Young animals have a very high protein requirement but underdeveloped digestive capacity.  They need a lot of protein to further develop their organs, while not fully equipped to extract all the required amino acids from protein in the diet.

In the current practice of feed formulation, digestible amino acids, and net or metabolizable energy contents are used as fixed values of feed ingredients to optimise diets. This is quite convenient but limited as it ignores the variation in nutrient kinetics of different ingredients and does not account for interactions happening between ingredients before and after absorption.

Differences in protein kinetics have consequences for diet formulation. First, young animals have a high requirement for fast protein. Secondly, when looking to replace a protein source like, for instance, blood plasma, it is important to replace it with an equally fast protein source in order not to change the total protein kinetics of the diet.


[Feedinfo] This is clearly a positive development for sustainability and profitability – how do you plan to translate this research success to large-scale commercial use, and what is it likely to mean for individual farmers and for the livestock industry as a whole?

[Jessika Van Leeuwen] Protein kinetics is a game changer for the protein market as it separates premium fast protein ingredients from slow proteins. Fast proteins such as HP300 are needed to optimise protein efficiency and synchronise with synthetic amino acids while slow proteins like SPC contribute to the nutritional requirement of crude protein alone.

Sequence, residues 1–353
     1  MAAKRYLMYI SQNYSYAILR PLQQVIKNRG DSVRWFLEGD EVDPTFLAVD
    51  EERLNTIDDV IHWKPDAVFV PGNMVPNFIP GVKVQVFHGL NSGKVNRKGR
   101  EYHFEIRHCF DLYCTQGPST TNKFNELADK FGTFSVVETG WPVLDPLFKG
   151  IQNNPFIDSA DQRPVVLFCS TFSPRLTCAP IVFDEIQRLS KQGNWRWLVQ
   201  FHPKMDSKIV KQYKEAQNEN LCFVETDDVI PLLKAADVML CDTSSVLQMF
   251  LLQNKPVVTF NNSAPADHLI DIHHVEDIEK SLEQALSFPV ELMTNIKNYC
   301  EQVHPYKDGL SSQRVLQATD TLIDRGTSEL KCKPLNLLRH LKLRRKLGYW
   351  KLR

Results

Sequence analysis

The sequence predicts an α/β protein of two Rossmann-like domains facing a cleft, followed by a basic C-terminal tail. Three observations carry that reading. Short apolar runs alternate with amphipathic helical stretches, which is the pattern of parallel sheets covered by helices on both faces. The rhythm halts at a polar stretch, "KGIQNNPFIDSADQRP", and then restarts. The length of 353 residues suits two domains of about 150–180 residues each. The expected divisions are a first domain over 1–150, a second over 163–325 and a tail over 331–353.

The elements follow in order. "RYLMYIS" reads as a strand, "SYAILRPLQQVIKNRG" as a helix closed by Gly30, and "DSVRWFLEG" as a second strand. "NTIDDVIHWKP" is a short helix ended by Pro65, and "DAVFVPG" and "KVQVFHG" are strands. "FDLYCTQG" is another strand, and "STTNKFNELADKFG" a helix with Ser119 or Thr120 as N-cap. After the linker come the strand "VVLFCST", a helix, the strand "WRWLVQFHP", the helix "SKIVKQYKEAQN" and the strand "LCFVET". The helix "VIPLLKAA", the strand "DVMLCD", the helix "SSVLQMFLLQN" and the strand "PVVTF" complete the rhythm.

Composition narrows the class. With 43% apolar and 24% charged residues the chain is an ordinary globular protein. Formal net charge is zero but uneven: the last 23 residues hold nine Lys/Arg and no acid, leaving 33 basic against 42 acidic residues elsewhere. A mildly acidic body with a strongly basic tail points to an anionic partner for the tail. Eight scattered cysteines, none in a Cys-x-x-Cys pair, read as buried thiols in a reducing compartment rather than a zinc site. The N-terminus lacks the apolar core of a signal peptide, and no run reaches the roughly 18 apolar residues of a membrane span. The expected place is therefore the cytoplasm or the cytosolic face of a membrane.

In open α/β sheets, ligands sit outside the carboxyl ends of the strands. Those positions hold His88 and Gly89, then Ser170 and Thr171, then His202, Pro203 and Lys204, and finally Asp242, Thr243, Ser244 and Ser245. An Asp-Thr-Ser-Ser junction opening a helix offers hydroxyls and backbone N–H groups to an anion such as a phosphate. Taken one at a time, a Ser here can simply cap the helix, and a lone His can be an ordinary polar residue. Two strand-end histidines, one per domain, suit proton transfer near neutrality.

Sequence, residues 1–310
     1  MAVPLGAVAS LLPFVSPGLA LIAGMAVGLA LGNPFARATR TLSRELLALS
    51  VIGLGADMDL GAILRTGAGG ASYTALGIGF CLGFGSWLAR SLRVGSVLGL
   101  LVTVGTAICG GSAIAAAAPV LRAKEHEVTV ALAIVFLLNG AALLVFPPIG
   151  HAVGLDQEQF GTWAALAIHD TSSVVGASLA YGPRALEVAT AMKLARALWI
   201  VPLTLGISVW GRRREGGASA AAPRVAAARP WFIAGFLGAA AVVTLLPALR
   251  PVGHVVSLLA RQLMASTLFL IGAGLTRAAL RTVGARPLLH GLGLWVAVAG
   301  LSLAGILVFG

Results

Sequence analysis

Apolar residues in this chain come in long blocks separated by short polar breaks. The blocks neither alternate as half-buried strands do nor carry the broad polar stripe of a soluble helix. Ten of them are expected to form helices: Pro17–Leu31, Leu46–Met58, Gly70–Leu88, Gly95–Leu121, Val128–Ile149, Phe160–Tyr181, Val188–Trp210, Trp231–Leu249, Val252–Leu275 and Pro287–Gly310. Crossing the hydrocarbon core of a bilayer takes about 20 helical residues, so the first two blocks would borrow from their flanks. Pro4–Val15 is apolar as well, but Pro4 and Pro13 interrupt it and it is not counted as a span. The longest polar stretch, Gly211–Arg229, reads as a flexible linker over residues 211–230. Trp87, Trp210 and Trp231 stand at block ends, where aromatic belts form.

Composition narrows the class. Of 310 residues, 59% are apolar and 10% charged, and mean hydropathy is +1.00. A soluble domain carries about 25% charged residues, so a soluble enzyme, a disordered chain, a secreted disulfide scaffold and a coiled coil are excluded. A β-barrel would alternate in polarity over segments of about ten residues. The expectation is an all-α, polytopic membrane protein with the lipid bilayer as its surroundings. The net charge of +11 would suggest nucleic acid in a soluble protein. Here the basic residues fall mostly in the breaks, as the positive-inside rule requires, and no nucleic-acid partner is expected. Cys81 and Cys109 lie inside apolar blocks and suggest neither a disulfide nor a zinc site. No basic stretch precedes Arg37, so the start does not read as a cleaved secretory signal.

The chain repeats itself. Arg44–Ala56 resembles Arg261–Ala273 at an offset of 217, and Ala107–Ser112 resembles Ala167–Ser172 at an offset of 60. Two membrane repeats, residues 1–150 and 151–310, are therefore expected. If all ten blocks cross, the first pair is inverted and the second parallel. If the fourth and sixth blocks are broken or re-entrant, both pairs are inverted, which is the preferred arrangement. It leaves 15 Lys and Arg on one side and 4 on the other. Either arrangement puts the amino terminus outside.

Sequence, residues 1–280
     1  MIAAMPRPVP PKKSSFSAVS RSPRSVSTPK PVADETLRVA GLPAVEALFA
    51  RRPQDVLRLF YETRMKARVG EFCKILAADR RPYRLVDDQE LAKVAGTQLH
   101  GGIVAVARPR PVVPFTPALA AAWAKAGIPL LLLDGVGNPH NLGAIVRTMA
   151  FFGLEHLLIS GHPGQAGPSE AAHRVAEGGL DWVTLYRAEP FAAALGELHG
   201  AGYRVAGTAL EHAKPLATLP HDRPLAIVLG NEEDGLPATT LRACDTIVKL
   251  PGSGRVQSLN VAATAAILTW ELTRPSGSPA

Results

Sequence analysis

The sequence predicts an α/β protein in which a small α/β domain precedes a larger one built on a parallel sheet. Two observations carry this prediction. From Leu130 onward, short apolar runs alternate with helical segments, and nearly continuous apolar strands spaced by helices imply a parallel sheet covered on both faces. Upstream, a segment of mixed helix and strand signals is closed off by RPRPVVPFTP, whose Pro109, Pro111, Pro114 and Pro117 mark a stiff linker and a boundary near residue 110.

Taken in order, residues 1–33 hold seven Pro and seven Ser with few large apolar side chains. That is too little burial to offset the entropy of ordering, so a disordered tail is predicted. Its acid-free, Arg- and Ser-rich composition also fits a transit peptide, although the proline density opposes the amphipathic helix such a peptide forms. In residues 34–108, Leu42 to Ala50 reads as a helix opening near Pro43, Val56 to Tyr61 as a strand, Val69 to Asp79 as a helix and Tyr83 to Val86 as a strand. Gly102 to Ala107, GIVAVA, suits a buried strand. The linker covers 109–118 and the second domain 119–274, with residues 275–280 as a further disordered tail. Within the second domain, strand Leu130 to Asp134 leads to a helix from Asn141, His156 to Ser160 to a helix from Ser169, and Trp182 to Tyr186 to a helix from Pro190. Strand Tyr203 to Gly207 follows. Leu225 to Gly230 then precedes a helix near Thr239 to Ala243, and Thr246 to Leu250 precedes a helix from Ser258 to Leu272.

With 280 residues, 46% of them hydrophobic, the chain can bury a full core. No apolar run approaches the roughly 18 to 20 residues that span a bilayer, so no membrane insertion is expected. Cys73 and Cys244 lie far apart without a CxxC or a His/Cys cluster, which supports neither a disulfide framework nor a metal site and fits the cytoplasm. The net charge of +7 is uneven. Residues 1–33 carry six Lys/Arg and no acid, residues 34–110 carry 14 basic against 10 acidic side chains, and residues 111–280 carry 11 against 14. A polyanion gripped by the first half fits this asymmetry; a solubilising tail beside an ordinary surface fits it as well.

In an era where zinc oxide and antibiotic growth promoters are banned from nursery formulas, low crude protein diets are necessary to avoid protein fermentation. However, this usually results in a loss of growth performance. Our research now clearly shows that the use of fast protein in low CP diets compensates for loss of growth performance and allows a higher protein efficiency.

With pressure on environmental protection, the reduction in nitrogen excretion coming from the use of fast protein will become increasingly more important.


[Feedinfo] What can we expect to see next in terms of protein kinetics work from Hamlet Protein?

[Jessika Van Leeuwen] Now we have tested many protein ingredients and know which are fast and which are slow, we are working on a system that will allow our customers to consider the level of fast protein from an ingredient in their feed formulation system to make sure they can optimise diets for fast protein according to species requirements.

Published in association with Hamlet Protein